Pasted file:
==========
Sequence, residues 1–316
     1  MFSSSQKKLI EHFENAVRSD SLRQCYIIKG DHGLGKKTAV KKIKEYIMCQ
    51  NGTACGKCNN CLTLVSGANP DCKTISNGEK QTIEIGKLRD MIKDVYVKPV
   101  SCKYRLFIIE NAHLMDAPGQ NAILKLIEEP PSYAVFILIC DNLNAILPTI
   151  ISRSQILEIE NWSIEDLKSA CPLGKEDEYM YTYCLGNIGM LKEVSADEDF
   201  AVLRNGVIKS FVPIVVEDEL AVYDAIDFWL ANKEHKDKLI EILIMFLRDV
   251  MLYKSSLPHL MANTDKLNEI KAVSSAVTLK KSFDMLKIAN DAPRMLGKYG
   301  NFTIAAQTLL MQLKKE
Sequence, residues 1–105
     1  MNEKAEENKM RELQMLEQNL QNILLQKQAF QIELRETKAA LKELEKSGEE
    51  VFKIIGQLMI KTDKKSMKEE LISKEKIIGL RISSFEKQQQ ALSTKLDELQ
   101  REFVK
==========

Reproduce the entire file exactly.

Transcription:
Sequence, residues 1–316
     1  MFSSSQKKLI EHFENAVRSD SLRQCYIIKG DHGLGKKTAV KKIKEYIMCQ
    51  NGTACGKCNN CLTLVSGANP DCKTISNGEK QTIEIGKLRD MIKDVYVKPV
   101  SCKYRLFIIE NAHLMDAPGQ NAILKLIEEP PSYAVFILIC DNLNAILPTI
   151  ISRSQILEIE NWSIEDLKSA CPLGKEDEYM YTYCLGNIGM LKEVSADEDF
   201  AVLRNGVIKS FVPIVVEDEL AVYDAIDFWL ANKEHKDKLI EILIMFLRDV
   251  MLYKSSLPHL MANTDKLNEI KAVSSAVTLK KSFDMLKIAN DAPRMLGKYG
   301  NFTIAAQTLL MQLKKE
Sequence, residues 1–105
     1  MNEKAEENKM RELQMLEQNL QNILLQKQAF QIELRETKAA LKELEKSGEE
    51  VFKIIGQLMI KTDKKSMKEE LISKEKIIGL RISSFEKQQQ ALSTKLDELQ
   101  REFVK